Want to read Slashdot from your mobile device? Point it at m.slashdot.org and keep reading!

 



Forgot your password?
typodupeerror
Check out the new SourceForge HTML5 internet speed test! No Flash necessary and runs on all devices. ×
Education

New Mexico Bill To Protect Anti-Science Education 726

An anonymous reader writes "From the Wired article: 'If educators in New Mexico want to teach evolution or climate change as a "controversial scientific topic," a new bill seeks to protect them from punishment. House Bill 302, as it's called, states that public school teachers who want to teach "scientific weaknesses" about "controversial scientific topics" including evolution, climate change, human cloning and — ambiguously — "other scientific topics" may do so without fear of reprimand. The legislation was introduced to the New Mexico House of Representatives on Feb. 1 by Republican Rep. Thomas A. Anderson. Supporters of science education say this and other bills are designed to spook teachers who want to teach legitimate science and protect other teachers who may already be customizing their curricula with anti-science lesson plans.'"
Censorship

Internet Kill Switch Back On the US Legislative Agenda 376

suraj.sun points out a story at Wired that US lawmakers have revived the idea of a government-controlled "Internet Kill Switch," which reads, in part: "The bill, which has bipartisan support, is being floated by Sen. Susan Collins, the Republican ranking member on the Homeland Security and Governmental Affairs Committee. The proposed legislation, which Collins said would not give the president the same power Egypt's Hosni Mubarak is exercising to quell dissent, sailed through the Homeland Security Committee in December but expired with the new Congress weeks later. 'My legislation would provide a mechanism for the government to work with the private sector in the event of a true cyber emergency,' Collins said in an e-mail Friday. 'It would give our nation the best tools available to swiftly respond to a significant threat.'"
Communications

Alaska Must Release Palin E-mails By May 211

An anonymous reader writes with this excerpt from msnbc.com: "The state of Alaska has until May 31 to release about 25,000 pages of e-mails from former Gov. Sarah Palin and senior members of her administration, the state attorney general declared Wednesday. ... the delays in dealing with public records from the Palin administration will have stretched out longer than the Palin administration itself. She was governor for 966 days. By May 31, the request from msnbc.com for the official records will be 986 days old. State regulations usually require records to be made available within 10 days, but state officials said they were overwhelmed by the volume of the e-mails."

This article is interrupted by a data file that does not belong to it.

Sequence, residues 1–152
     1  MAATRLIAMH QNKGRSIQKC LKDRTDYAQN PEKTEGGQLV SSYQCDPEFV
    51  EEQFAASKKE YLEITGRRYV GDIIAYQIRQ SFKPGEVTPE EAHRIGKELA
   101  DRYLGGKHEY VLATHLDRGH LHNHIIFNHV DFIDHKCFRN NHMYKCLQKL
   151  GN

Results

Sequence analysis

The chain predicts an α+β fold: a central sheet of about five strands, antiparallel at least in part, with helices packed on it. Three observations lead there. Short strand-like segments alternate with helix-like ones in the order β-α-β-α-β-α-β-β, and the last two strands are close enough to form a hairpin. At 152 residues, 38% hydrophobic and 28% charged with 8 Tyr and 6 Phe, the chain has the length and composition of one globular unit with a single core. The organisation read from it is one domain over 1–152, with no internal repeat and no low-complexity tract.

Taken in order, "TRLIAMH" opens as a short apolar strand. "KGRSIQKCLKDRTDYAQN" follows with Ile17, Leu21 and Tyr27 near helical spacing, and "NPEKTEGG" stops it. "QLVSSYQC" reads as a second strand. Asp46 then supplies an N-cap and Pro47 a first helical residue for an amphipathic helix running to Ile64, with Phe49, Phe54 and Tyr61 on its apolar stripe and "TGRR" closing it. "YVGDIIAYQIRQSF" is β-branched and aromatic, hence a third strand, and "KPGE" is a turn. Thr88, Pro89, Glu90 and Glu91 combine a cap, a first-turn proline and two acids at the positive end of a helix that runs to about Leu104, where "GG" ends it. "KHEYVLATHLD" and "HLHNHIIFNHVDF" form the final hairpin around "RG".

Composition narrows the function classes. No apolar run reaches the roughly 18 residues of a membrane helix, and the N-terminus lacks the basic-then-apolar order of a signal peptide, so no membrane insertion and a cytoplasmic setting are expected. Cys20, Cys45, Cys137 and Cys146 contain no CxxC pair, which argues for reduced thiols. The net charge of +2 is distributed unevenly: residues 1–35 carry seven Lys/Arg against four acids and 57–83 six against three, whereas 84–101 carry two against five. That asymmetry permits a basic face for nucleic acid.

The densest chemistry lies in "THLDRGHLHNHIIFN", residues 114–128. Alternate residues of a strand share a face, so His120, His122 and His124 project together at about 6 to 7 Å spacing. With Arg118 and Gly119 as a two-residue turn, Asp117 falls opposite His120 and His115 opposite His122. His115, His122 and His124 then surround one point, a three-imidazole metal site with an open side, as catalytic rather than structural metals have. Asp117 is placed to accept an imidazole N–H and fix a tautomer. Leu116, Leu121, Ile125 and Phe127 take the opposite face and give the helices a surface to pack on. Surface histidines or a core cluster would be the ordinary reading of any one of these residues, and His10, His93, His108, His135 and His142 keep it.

Media

Former Congressman Learns About Streisand Effect 527

corbettw writes "Ted Alvin Klaudt, a former South Dakota lawmaker convicted of raping his two foster daughters, has sent news organizations what he claims is a copyright notice that seeks to prevent the use of his name without his consent." The story says Klaudt maintains "no one can use his name without his consent, and anyone who does would owe him $500,000."
Movies

Zombies As American Zeitgeist Proxies 263

blackbearnh writes "No doubt, there will be more than a few brain-munching glassy-eyed zombies showing up on the typical doorstep tonight, demanding brains, brains, brains, or at least some Milk Duds. But according to this essay over on Forbes.com, zombies are more than just the trendy monster on the block, they are to Americans what Godzilla is to Japanese: a personification of our fear of science and technology. 'It seems you can't throw a half-eaten cerebrum these days without hitting a posse of zombies brought to life by some kind of biological mishap (28 Days Later, Resident Evil, Planet Terror, Quarantine). Like Godzilla, zombies keep up with the times, always ready to mirror whatever aspect of science and technology people feel most uncertain about at the moment.'"
Government

DOJ Report On NSA Wiretaps Finally Released 174

oliphaunt writes "As regular readers will recall, after the 2004 elections the New York Times revealed that the NSA had been conducting illegal wiretaps of American citizens since early 2001. Over the course of the next four years, more information about the illegal program trickled out, leading to several lawsuits against the government and various officials involved in its implementation. This week several of these matters are coming to a head: Yesterday, the lawyers for the Al-Haramain Islamic Foundation filed a motion for summary judgment in their lawsuit against the Obama DOJ. The motion begins by quoting a statement made by Candidate Obama in 2007, acknowledging that the warrantless wiretap program was illegal. US District Judge Vaughn Walker has given indications that he is increasingly skeptical of the government's arguments in this case. In what might just be a coincidence of timing, today the long-awaited report from the DOJ inspector general to the US Congress about the wiretapping program was declassified and released. Emptywheel has the beginnings of a working thread going here."

Slashdot Top Deals

I have a theory that it's impossible to prove anything, but I can't prove it.

Working...